The Push Notification Paradox: When People Actually Want More Alerts
Like many things at Breaking News, it started as an experiment.
What if we created a new kind of push notification that our editors send when an early-stage breaking story is about to become a big deal? A “heads up” that something big is happening that’s bound to make national headlines?
We called it emerging alerts, and we launched it this summer.
We were surprised to discover more than 100,000 active users and counting.
Breaking News has always been fast with notifications, but emerging alerts are faster yet, preceding other national news notifications by as much as 30 minutes or more on major stories like the Umpqua Community College shooting, Tainjin, China explosion and the Istanbul, Turkey bombing.
It turns out that these alerts have proven to be popular for people whose business is knowing what’s happening right now. Businesses like journalism, government and law enforcement. For them, the velocity of emerging alerts makes them uniquely valuable and a welcome addition.
Pushing Value to the User
Most apps send push notifications as broadcast-style promotional drivers — a marketing vehicle designed to drive “open rates.” That explains why so many notifications are spammy, generic and annoying.
Instead, we think of notifications as a way to push value to the user. Increasingly, notifications are a standalone consumption experience that thrives on lock screens and digital watches. Just glance and you’re caught up.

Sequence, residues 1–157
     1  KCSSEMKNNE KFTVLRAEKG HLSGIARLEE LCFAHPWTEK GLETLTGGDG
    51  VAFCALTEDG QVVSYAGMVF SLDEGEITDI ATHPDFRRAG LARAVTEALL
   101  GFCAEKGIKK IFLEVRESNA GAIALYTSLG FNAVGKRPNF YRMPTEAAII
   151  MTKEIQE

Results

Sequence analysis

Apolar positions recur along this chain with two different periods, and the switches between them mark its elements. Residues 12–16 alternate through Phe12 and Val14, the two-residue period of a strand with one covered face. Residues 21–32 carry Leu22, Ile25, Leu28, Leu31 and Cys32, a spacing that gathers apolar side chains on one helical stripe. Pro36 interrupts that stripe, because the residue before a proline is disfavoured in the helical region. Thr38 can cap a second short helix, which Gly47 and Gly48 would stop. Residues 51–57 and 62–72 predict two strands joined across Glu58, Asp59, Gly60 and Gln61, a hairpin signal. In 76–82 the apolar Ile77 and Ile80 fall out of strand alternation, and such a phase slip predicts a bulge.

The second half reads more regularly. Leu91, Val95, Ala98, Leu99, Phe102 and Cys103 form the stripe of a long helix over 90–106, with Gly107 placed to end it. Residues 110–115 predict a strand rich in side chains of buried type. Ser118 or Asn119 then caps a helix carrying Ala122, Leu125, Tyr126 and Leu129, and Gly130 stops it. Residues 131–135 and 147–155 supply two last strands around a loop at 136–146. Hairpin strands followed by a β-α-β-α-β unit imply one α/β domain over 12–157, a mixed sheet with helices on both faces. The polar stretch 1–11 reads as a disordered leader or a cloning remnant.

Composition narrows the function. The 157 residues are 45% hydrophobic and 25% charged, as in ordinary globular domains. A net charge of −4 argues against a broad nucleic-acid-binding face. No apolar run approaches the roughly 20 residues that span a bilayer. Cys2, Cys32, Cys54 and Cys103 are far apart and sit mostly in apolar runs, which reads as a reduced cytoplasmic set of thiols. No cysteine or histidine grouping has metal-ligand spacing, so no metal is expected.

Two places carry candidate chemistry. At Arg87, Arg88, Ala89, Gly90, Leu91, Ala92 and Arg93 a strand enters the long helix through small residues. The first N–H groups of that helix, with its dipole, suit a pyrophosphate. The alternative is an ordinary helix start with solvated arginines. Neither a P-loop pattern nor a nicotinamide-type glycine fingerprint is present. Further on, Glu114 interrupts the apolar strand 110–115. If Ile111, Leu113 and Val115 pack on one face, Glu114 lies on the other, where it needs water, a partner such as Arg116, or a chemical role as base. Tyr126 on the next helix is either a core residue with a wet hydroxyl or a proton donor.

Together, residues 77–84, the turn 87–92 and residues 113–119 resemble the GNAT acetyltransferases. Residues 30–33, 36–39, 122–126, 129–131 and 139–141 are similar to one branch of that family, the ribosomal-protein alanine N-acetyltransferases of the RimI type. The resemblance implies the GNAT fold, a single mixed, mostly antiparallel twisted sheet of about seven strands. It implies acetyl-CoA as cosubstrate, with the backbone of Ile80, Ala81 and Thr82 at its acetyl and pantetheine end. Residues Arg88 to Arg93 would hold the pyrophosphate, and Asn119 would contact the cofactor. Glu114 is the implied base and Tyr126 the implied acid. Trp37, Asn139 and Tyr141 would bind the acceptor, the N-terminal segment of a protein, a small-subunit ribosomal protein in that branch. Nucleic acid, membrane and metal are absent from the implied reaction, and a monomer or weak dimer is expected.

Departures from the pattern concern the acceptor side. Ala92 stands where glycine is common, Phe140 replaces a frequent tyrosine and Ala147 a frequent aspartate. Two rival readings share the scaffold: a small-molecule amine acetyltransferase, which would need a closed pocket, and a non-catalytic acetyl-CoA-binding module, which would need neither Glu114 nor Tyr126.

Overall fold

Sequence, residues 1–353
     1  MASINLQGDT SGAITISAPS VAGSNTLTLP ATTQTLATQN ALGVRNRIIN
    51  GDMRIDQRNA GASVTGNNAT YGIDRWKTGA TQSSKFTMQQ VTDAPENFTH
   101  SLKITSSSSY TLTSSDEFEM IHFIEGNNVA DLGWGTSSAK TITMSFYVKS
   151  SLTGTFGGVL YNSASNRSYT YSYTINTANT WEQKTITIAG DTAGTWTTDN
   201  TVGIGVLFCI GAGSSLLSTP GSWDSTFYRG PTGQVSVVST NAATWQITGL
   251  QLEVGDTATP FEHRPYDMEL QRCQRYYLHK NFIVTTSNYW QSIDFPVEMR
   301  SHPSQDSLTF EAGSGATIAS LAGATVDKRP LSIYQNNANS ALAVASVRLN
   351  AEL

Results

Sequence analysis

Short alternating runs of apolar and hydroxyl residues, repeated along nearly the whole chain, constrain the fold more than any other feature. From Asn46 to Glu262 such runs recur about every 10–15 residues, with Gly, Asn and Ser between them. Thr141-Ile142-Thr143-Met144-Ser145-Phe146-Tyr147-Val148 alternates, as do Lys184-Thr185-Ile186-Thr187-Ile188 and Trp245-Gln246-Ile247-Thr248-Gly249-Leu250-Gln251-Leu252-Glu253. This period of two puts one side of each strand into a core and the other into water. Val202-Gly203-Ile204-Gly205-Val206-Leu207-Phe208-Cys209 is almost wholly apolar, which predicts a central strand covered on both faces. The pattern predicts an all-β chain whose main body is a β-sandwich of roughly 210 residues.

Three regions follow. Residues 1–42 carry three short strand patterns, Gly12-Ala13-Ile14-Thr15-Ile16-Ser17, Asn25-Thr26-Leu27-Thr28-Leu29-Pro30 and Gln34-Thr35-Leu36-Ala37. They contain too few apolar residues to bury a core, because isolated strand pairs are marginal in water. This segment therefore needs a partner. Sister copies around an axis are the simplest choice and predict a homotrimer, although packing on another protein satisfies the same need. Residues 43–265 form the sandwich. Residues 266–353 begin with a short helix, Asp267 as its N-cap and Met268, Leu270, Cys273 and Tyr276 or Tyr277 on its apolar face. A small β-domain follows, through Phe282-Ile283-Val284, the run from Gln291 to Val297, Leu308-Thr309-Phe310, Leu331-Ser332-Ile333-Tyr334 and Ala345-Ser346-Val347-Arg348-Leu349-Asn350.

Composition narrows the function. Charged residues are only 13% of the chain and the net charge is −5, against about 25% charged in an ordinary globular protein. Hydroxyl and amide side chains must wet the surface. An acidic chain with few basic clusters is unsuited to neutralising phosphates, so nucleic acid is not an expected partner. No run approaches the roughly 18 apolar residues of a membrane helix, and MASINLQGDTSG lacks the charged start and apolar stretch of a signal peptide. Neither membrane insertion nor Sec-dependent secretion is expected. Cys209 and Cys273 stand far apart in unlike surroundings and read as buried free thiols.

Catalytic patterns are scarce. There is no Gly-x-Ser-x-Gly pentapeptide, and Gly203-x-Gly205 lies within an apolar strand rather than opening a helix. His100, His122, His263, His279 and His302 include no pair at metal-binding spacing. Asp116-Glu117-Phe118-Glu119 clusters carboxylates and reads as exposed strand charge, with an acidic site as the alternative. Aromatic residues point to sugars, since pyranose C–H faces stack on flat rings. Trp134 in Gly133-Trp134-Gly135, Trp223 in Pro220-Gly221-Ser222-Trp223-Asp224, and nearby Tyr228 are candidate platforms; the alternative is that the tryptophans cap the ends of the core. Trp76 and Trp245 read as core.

“We are witnessing another round of unbundling as the notification screen becomes the primary interface for mobile computing,” explains Betaworks CEO John Borthwick. “[It’s] part of an architectural shift from pull to a push.”
When users opt into alerts, they’re inviting a brand into the most prominent, personal real estate in their digital lives. It’s a deeper connection than following a brand on Facebook or Twitter, and the most valuable notifications are personal and contextually-relevant to the world around you.
For example, Breaking News’ proximity alerts notify people who happen to be physically near a major breaking story. In the case of the Umpqua shooting, we sent a proximity alert warning users in the surrounding county of an “active shooter” 15 minutes after police first arrived at the school.
It’s not that people don’t want notifications; they don’t want useless ones.
The Push Paradox
Our experiment with emerging alerts reinforced a important lesson: offering valuable push notifications results in people wanting more of them. But what about those open rates?
While many Breaking News users get our content primarily outside the app, paradoxically this approach has yielded increased engagement inside the app. The better the notifications, the more people subscribe, the more frequently they visit the app.
In other words, by focusing on “time saved,” we’re actually driving more “time spent.” While surprising, it’s a great reminder that making users happy is still a good business strategy.